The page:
More great work from ProPublica, in this report from Nikole Hannah-Jones, which reveals the extent to which American schools are still profoundly segregated–and the ineffectual, if not damnable response of school districts that let it happen. From the story:
Tuscaloosa’s schools today are not as starkly segregated as they were in 1954, the year the Supreme Court declared an end to separate and unequal education in America. No all-white schools exist anymore—the city’s white students generally attend schools with significant numbers of black students. But while segregation as it is practiced today may be different than it was 60 years ago, it is no less pernicious: in Tuscaloosa and elsewhere, it involves the removal and isolation of poor black and Latino students, in particular, from everyone else. In Tuscaloosa today, nearly one in three black students attends a school that looks as if Brown v. Board of Education never happened.
Tuscaloosa’s school resegregation—among the most extensive in the country—is a story of city financial interests, secret meetings, and angry public votes. It is a story shaped by racial politics and a consuming fear of white flight. It was facilitated, to some extent, by the city’s black elites. And it was blessed by a U.S. Department of Justice no longer committed to fighting for the civil-rights aims it had once championed.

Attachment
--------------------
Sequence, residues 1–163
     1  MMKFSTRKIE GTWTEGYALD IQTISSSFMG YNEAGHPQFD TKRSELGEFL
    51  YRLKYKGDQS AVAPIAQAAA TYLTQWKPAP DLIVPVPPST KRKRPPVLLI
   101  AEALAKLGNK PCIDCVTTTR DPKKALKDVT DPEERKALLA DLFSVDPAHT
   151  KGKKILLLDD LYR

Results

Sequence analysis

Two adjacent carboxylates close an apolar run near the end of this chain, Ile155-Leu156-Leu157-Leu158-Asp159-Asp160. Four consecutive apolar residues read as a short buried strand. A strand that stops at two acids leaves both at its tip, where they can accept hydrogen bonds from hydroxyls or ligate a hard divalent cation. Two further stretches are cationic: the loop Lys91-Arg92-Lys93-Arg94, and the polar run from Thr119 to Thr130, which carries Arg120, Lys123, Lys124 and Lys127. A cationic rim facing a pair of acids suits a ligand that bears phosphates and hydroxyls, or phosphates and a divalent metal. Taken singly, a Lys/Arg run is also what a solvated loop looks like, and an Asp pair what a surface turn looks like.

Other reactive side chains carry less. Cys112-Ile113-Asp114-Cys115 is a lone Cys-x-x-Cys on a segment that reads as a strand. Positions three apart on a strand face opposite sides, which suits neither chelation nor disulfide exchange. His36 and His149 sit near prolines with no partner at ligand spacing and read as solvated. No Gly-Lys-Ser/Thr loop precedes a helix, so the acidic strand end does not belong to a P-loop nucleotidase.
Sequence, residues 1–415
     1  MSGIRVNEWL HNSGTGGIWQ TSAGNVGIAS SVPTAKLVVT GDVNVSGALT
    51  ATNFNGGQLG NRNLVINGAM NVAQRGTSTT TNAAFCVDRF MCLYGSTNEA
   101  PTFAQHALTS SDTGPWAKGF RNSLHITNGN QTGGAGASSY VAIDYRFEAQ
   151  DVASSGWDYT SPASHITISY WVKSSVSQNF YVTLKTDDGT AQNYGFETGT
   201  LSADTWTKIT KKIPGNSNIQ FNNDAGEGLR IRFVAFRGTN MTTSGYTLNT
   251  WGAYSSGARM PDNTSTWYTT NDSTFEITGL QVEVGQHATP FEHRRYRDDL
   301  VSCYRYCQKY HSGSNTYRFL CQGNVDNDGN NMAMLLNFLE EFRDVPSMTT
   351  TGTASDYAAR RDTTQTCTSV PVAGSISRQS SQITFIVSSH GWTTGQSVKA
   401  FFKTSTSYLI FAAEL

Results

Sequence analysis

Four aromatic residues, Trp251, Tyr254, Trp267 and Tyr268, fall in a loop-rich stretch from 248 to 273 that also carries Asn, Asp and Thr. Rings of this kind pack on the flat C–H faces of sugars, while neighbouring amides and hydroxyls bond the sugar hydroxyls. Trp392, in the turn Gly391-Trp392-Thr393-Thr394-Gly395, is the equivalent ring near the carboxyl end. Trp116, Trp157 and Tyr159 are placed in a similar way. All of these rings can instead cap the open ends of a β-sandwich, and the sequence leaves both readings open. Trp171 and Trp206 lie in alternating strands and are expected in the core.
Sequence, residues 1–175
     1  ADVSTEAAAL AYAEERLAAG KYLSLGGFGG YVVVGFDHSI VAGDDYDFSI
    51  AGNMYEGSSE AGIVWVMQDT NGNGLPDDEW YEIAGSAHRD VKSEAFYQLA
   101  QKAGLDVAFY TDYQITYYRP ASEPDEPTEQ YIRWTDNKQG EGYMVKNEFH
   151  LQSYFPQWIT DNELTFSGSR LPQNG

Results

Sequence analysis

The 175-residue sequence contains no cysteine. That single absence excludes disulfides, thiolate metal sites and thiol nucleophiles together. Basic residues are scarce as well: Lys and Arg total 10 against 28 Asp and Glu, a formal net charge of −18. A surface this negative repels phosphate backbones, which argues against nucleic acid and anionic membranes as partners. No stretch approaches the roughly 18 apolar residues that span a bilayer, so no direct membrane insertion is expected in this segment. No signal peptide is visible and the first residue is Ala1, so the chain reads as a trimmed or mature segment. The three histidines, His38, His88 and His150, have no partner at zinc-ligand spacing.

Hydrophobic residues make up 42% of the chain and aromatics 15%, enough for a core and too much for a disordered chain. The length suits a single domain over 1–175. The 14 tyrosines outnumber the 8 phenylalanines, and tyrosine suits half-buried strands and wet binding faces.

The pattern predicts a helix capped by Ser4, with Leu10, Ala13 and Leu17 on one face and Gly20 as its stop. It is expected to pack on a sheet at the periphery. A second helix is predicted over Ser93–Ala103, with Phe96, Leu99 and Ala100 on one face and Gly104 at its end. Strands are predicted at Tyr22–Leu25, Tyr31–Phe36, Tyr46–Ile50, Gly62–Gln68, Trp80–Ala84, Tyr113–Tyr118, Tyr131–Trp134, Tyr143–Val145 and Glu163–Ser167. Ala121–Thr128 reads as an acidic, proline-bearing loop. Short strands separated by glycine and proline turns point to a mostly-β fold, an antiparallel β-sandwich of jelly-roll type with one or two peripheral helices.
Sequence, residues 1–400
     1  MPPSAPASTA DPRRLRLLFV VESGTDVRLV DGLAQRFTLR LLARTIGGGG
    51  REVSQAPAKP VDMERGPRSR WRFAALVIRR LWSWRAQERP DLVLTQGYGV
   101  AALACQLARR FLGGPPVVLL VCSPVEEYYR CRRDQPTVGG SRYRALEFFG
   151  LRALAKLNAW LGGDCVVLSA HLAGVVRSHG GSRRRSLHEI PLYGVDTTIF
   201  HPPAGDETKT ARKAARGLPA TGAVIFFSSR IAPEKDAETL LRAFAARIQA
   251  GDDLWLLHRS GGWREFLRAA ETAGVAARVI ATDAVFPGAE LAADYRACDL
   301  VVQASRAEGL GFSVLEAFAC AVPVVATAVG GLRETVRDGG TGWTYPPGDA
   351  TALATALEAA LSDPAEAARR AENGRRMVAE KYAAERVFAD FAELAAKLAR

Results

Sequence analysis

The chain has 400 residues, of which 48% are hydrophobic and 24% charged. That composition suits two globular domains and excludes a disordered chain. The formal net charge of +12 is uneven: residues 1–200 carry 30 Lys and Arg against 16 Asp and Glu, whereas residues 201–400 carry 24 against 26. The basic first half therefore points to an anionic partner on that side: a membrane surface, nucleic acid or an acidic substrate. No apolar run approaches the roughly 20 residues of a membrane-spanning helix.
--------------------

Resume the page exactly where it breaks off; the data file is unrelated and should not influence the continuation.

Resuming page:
Certainly what happened in Tuscaloosa was no accident. Nor was it isolated. Schools in the South, once the most segregated in the country, had by the 1970s become the most integrated, largely as a result of federal court orders. But since 2000, judges have released hundreds of school districts, from Mississippi to Virginia, from court-enforced integration, and many of these districts have followed the same path as Tuscaloosa’s—back toward segregation. Black children across the South now attend majority-black schools at levels not seen in four decades. Nationally, the achievement gap between black and white students, which greatly narrowed during the era in which schools grew more integrated, widened as they became less so.
In recent years, a new term, apartheid schools—meaning schools whose white population is 1 percent or less, schools like Central—has entered the scholarly lexicon. While most of these schools are in the Northeast and Midwest, some 12 percent of black students in the South and nearly a quarter in Alabama now attend such schools—a figure likely to rise as court oversight continues to wane. In 1972, due to strong federal enforcement, only about 25 percent of black students in the South attended intensely segregated schools in which at least nine out of 10 students were racial minorities. In districts released from desegregation orders between 1990 and 2011, 53 percent of black students now attend such schools, according to an analysis by ProPublica.
Read the whole report here.